The shoot was arranged very quickly because the weather here in North Idaho was about to turn nasty and I wanted to get some gun sounds before the end of the year. Rain was forecast for the days after the shoot but the day of the shoot there was only a 30% chance which in North Idaho means it’s hit and miss.

I asked the guys at Wrenco Arms here in Sandpoint Idaho if they were up for having their prized M-60 machine gun recorded. They were totally in and asked if I wanted to do some other guns as well. Since I am not a gun expert I asked them to bring some big guns. We ended up recording a Barret 98B Lapua Magnum and a Remington 700 with Weatherby 300 rounds. We also had some M-16 guns scheduled but the rain came in and cut the session short. Before the rain started I also recorded Tannerite explosions. These were fun and I will post a blog about that part of the session in the future.

I consulted with two of the best in the business: Charles Maynes and Chuck Russom and they gave me some great tips and advice for this shoot and it was great that they both were willing to share their expertise with me in this field. Thanks guys!

One thing I have learned during the small amount of gun shoots I have recorded is it’s not an easy task. I am not set up to record guns all the time. I wish I had more variety in microphones and since I cannot rent gear up here on short notice I used what I had and hoped for the best. I used a pair of Sennheiser MKH-8040s, a single MKH-8040, MKH-416, Sanken CSS-5, AT 835ST and a Sony D-50. I had two SD-702s, an FR-2 and a Sony PCM-D1 with the Sony pre-amp module. If the recorder could record at 192K I set it for that sample rate.

The video above is from a set of bursts from the M-60. I quickly combined the MKH-416 and Sanken CSS-5 for the audio track. There is no other processing except for some EQ and Limiting.

We had some interruptions during the shoot (no surprise) and at times had to wait a while for them to pass. Birds, squirrels, cars and airplane all made their presence known at times and it really screwed up the flow of the sessions because I knew the rain was coming and I only had a few hours to get all these guns recorded.

All in all it was a great session and I am happy with the results. There are a few things I would like to have done differently and will have the chance to try them out in the future. I do want to do this again and will take what I learned and hope for the best again.

-Frank

PHOTOS

Guns 10-2011 Photo
Guns 10-2011 Photo
Guns 10-2011 Photo
Guns 10-2011 Photo
Guns 10-2011 Photo
Guns 10-2011 Photo
Guns 10-2011 Photo
Guns 10-2011 Photo
Explosion 10-2011 Photo
Explosion 10-2011 Photo
Explosion 10-2011 Photo
Explosion 10-2011 Photo
Explosion 10-2011 Photo
Explosion 10-2011 Photo

Beech 58P Airplane Recording Videos

Beech 58P 2011 Recording

Here are two videos recorded while I was capturing the sound from a 1980 Beechcraft Baron 58P prop plane. The first video is from camera one (Sanken CSS-5 audio) that my wife kindly shot. She also took over 150 photos of the short lived action. The second video is from camera two (Sennheiser MKH-8040ST audio), my somewhat feeble attempt to get video and sound at the same time. I forgot to bring the “Boomcam” gizmo that attaches the Flip HD camera under the microphone so I was holding it in my other hand the best I could.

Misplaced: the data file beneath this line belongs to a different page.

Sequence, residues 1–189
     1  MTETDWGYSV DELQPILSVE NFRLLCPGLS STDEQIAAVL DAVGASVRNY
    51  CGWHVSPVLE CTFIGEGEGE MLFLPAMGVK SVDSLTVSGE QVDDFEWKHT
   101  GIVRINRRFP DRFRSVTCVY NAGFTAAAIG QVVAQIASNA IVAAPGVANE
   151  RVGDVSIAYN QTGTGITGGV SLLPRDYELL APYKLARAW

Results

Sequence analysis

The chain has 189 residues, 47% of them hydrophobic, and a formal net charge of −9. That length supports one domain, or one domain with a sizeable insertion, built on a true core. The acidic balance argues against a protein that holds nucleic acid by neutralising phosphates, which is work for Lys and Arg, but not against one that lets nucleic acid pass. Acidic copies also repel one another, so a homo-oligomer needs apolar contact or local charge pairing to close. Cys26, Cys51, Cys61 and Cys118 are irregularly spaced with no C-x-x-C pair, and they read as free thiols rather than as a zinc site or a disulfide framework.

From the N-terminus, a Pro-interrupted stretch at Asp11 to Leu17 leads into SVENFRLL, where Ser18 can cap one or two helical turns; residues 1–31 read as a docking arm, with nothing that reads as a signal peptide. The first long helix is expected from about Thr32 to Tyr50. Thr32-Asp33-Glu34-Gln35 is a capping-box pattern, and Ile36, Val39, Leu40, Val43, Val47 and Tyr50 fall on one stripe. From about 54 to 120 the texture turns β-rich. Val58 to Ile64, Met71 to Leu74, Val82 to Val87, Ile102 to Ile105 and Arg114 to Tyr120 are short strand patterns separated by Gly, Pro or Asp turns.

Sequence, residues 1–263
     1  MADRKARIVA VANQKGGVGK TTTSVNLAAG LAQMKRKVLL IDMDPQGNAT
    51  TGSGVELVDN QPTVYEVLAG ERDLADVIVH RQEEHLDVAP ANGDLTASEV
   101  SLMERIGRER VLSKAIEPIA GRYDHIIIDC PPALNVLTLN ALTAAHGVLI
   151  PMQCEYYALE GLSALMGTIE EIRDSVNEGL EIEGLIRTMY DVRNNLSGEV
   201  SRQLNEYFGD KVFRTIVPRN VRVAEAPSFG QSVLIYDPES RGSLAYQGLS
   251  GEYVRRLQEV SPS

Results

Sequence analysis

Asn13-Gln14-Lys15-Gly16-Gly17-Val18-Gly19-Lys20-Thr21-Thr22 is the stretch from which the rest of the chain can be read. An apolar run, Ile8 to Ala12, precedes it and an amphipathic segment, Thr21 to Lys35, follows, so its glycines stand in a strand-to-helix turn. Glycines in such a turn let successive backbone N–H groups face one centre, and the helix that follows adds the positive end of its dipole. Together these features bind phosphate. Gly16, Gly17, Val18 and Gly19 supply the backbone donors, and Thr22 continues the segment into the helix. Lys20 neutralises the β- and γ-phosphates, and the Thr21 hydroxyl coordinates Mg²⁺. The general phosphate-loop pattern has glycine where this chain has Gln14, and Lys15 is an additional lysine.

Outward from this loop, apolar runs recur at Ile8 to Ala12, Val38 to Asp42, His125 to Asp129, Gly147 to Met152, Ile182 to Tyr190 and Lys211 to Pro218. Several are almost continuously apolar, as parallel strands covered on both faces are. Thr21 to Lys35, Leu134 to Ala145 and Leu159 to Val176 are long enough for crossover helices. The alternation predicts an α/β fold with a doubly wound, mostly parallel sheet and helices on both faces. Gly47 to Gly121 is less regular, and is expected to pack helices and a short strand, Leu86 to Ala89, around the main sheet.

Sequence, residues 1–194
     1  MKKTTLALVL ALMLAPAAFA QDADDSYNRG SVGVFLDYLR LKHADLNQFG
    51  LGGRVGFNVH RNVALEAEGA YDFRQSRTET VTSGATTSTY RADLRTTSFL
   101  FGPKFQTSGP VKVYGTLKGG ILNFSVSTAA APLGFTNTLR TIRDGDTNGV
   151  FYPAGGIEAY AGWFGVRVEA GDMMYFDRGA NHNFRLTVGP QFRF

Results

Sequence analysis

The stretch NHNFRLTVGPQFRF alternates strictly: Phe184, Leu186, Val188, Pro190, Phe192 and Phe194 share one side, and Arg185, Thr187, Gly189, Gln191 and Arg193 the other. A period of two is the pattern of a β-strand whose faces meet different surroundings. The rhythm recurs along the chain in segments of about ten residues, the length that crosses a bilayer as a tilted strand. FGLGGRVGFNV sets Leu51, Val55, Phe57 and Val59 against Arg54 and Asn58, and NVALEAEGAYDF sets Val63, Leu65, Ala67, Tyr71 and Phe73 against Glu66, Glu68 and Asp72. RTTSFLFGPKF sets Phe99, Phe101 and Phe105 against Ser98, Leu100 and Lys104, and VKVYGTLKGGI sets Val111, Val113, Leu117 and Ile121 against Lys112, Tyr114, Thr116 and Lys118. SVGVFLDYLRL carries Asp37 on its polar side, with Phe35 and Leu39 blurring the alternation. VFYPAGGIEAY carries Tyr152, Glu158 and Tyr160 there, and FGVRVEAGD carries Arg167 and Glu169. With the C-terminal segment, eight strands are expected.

I will be getting around to a complete blog post detailing the experience. It was very fast paced but totally enjoyable. I got some great sounds for a new library that will be released soon. Enjoy the sights and sounds! -Frank

Airplane Recording Aug 18th 2011 Part-1, Camera 1

Recording the sound of a 1980 fixed wing multi engine Beechcraft Baron 58P propeller plane. This video contains the footage from video camera 1 operated by my wife as I was recording the airplane. The sound is from a Sanken CSS-5 microphone which I had on a boom pole following the airplanes’ movements. I recorded the plane at 24-Bit/96k to a Sound Devices SD-702 that was sync locked to another with a stationary MKH-8040ST microphone rig on a microphone stand.

I only had an hour to record the plane so I had to have a minimal set up that could be moved around the airstrip. This first part in the video series showcases the sights and sounds of engine run-ups, ground taxiing and pass by’s from the CSS-5 perspective.

Airplane Recording Aug 18th 2011 Part-2, Camera 2

Recording the sound of a 1980 fixed wing multi engine Beechcraft Baron 58P propeller plane. This video contains the footage from video camera 2 operated by myself as I was recording the airplane. The sound is from a Sennheiser MKH-8040ST microphone which I had set on a microphone stand. I recorded the plane at 24-Bit/96k to a Sound Devices SD-702 that was sync locked to another with a boom pole mounted Sanken CSS-5 microphone.

This second part in the video series showcases the sights and sounds of engine run-ups, ground taxiing and pass by’s from the MKH-8040ST perspective.

Interior sounds from a PCM-D1

Airplane Prop Interior Beech 58P Start
Airplane Prop Interior Beech 58P Start by therecordist

Airplane Prop Interior Beech 58P Takeoff
Airplane Prop Interior Beech 58P Takeoff by therecordist

Airplane Prop Interior Beech 58P Landing
Airplane Prop Interior Beech 58P Landing by therecordist

PHOTO GALLERY

Beech 58P 2011 Photo

Beech 58P 2011 Photo

Beech 58P 2011 Photo

Beech 58P 2011 Photo

Beech 58P 2011 Photo

Beech 58P 2011 Photo

Beech 58P 2011 Photo

Beech 58P 2011 Photo

Beech 58P 2011 Photo

Beech 58P 2011 Photo

Beech 58P 2011 Photo

Beech 58P 2011 Photo

Beech 58P 2011 Photo

Beech 58P 2011 Photo

Beech 58P 2011 Photo

Recording a 1928 Stearman C3B Bi-Plane 2011

1928 Stearman C3B Engine Start Boomcam Perspective 2011

Here is a J5 Wright powered 1928 Stearman C3B starting its engine. The video was shot with a Flip HD (3rd Gen) mounted on my Sanken CSS-5 microphone boom pole. This is the complete video with the CSS-5 audio recorded at 24/96. This plane was not flying during the show but at the end of the day I was able to meet the owner and his friends (it takes more then one person to get these planes started). They were getting ready to fly home as I walked by after recording at the north end of the airport. I asked the pilot if I could record it and he said only if you give me the sound for my cell ringtone. “Deal” I told him. After they rolled it out and charged the starter she was running. He ran the engine at different RPMs until I gave him the thumbs up that I recorded enough for his ringtone. I then walked along side the plane while it headed for the runway. I was able to move down field and record the plane taking off and passing by.

1928 Stearman C3B Engine Flying Boomcam Perspective 2011

Here is the J5 Wright powered 1928 Stearman C3B starting its engine. The video was shot with a Flip HD (3rd Gen) mounted on my Sanken CSS-5 microphone boom pole. This is the video of the plane taking off and then passing by at the Sandpoint Idaho Airport with the CSS-5 audio recorded at 24/96.

1928 Stearman C3B Engine Start Far Perspective 2011

Here is the J5 Wright powered 1928 Stearman C3B starting its engine. The video was shot with a Fujifilm picture camera by my wife. This is the video of the plane starting and myself with the Sanken CSS-5 recording the sound.

The blog post from the Sandpoint Idaho Fly In 2011 is here